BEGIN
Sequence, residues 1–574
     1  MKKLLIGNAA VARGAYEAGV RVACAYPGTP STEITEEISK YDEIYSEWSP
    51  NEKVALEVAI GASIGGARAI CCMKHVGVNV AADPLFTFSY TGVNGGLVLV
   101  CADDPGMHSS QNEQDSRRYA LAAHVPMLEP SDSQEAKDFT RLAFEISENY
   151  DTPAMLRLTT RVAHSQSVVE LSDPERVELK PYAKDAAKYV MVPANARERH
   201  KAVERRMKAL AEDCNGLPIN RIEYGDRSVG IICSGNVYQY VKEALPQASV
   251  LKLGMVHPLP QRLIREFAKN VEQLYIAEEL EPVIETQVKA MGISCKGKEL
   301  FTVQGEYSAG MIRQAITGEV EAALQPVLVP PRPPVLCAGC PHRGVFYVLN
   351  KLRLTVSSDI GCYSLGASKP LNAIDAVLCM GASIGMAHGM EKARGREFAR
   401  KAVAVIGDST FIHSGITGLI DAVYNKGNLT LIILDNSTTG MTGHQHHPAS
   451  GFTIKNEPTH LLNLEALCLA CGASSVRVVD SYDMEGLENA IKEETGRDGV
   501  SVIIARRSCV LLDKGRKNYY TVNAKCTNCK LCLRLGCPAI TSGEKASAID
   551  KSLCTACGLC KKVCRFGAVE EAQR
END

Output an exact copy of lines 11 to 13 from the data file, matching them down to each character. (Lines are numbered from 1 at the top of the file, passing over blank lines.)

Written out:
   451  GFTIKNEPTH LLNLEALCLA CGASSVRVVD SYDMEGLENA IKEETGRDGV
   501  SVIIARRSCV LLDKGRKNYY TVNAKCTNCK LCLRLGCPAI TSGEKASAID
   551  KSLCTACGLC KKVCRFGAVE EAQR